Today, August 31, 2017 is the last day of the John Templeton grant that made this blog possible. BUT, it is NOT the last day of the blog. I will be continuing this blog into the future, and have no plans to stop or even slow down.
In fact, I have recently added three new pages to the blog, shown in the top banner.
Publications is an updated list of all of my publications divided into two categories: 1. Recent publications mostly related to science and faith issues, including links to the full papers. 2. A list of my scientific publications, from 1976 through 2010 (over 200). PDF reprints for any of them are available on request.
The second new page is Presentations, which includes the title, venue and a link to the actual video or audio (sometimes both) presentations. This list is not yet completely up to date. Stay tuned.
Finally, I have added a page called FAQs, which is intended as a summary of my views on many subjects related to my Christian faith and science. I link this page whenever I am asked one of the many common questions by someone on social media, to avoid having to answer the same question dozens of times. (This mostly applies to Twitter)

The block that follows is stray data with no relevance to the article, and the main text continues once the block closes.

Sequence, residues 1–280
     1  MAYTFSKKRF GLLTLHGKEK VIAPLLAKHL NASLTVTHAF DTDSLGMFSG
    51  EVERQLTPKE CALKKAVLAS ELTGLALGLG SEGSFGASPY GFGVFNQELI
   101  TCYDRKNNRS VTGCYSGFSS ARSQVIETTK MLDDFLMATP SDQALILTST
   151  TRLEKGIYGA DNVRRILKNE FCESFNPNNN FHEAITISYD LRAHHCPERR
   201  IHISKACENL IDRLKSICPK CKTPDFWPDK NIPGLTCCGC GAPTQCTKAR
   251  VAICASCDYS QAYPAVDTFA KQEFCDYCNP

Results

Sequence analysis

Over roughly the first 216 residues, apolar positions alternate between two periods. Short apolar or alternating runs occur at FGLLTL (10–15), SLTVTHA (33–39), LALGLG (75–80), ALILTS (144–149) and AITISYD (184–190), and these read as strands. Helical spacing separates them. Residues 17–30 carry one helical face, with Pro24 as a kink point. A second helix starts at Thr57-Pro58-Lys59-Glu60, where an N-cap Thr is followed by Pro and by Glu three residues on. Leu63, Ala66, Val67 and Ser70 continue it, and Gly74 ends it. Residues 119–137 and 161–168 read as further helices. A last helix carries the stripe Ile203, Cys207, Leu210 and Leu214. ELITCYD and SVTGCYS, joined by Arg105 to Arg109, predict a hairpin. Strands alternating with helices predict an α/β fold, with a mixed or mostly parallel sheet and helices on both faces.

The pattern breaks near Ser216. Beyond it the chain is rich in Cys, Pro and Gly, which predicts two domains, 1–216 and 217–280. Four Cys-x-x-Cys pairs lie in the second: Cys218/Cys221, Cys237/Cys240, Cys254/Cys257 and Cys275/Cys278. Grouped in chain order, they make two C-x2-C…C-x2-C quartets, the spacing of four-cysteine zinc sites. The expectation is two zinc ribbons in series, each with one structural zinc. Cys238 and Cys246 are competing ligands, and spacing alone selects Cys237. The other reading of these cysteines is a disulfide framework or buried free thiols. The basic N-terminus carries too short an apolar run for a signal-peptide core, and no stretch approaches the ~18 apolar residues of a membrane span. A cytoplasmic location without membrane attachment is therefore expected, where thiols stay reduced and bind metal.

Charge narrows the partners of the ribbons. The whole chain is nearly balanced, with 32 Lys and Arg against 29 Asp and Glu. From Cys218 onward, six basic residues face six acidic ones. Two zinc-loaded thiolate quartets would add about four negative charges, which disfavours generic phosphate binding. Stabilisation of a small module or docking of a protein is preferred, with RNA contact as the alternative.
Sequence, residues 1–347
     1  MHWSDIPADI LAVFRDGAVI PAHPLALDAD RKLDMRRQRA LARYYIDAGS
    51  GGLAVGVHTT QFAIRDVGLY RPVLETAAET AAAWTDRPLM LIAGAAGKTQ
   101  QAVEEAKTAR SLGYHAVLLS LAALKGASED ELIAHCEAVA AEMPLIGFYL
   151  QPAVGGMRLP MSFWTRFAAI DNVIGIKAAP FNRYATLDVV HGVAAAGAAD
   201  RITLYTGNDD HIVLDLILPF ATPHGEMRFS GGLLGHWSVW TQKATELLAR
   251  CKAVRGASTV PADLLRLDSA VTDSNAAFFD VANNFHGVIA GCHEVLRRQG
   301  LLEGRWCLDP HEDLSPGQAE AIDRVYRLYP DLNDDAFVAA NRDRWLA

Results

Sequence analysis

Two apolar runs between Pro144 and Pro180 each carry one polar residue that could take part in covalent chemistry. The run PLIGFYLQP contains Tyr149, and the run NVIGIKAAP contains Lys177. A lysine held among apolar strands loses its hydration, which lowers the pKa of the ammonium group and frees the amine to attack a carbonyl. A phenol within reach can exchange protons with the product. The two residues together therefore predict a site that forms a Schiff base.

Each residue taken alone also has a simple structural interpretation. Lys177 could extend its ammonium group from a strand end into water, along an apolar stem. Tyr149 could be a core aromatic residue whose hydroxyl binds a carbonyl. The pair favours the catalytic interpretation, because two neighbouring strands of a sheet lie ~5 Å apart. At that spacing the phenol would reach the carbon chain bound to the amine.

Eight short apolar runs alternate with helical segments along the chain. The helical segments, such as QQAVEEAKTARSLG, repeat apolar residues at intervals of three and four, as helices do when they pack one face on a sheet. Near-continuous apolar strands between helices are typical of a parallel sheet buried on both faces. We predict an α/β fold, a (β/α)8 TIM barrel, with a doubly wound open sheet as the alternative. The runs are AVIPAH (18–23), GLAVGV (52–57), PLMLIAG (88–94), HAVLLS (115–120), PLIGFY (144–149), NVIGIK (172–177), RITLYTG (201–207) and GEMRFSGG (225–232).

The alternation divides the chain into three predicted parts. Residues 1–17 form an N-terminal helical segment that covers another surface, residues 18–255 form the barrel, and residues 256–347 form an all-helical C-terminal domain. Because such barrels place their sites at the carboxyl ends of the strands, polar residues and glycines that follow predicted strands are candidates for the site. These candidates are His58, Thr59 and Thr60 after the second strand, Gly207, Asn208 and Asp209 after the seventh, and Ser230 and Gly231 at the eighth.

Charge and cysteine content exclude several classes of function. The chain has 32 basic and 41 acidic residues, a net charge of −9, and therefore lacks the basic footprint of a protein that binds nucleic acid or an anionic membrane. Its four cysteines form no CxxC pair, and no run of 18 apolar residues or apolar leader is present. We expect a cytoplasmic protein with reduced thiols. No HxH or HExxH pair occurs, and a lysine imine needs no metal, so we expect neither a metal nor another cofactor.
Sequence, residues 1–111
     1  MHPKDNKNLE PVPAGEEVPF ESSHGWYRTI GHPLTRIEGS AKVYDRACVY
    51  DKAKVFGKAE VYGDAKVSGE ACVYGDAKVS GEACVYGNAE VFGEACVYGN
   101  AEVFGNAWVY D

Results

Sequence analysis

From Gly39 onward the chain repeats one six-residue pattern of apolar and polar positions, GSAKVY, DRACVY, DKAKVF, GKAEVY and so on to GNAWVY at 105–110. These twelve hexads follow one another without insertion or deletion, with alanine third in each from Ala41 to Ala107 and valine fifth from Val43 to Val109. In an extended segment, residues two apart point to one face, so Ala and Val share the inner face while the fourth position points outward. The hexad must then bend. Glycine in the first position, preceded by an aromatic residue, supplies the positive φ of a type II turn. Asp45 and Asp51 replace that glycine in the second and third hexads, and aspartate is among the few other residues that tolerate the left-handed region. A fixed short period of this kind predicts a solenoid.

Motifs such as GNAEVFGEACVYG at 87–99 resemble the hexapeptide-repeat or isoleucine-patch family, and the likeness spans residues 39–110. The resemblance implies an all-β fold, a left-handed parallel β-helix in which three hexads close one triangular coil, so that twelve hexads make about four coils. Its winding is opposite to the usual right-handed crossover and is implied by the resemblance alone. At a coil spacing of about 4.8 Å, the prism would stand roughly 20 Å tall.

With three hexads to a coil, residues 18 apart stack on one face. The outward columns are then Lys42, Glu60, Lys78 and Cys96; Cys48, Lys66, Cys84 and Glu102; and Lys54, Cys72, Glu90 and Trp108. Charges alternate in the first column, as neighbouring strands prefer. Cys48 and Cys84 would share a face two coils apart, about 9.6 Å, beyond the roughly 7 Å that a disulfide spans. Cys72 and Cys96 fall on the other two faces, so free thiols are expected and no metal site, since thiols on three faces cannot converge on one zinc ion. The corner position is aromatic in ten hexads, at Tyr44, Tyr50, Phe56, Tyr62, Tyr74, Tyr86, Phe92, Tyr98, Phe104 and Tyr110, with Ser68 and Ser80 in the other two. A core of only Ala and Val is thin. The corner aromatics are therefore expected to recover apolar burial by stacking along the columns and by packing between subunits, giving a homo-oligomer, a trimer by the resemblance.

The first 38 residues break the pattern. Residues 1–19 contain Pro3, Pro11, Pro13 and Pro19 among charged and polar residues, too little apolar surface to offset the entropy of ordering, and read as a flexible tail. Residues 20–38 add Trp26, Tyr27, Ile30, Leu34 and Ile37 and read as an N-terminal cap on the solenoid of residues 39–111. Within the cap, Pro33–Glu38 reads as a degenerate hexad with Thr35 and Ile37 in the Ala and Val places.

All of these pages will be updated periodically.
I also thought this milestone date would be a good time to summarize some of the facts and data about this blog over the two years of its existence. Since its inception there have been 118 blog posts, including 8 guest posts that have generated 13,964 views, 521 comments and 321 Likes. The blog has attracted 3,773 visitors from 64 countries including at least 20 views each from South Africa, Nigeria, China, Germany, UK, Australia, Canada, Austria, New Zealand, Colombia, and Denmark (and of course, the US). As if today the blog has 65 followers, and attracts about 30 views/day.
Thanks to all my followers, and all others who comment and/or visit this blog. I hope to continue to provide you with interesting material for the foreseeable future. .
I would like to close this post by especially thanking the John Templeton Foundation for funding this project (see the page “John Templeton Foundation” for details) and in particular Paul Wason, Vice President, Life Sciences and Genetics, and Kevin Arnold, Program Officer, Life Sciences and Genetics, for their unwavering support, encouragement and friendship over the years.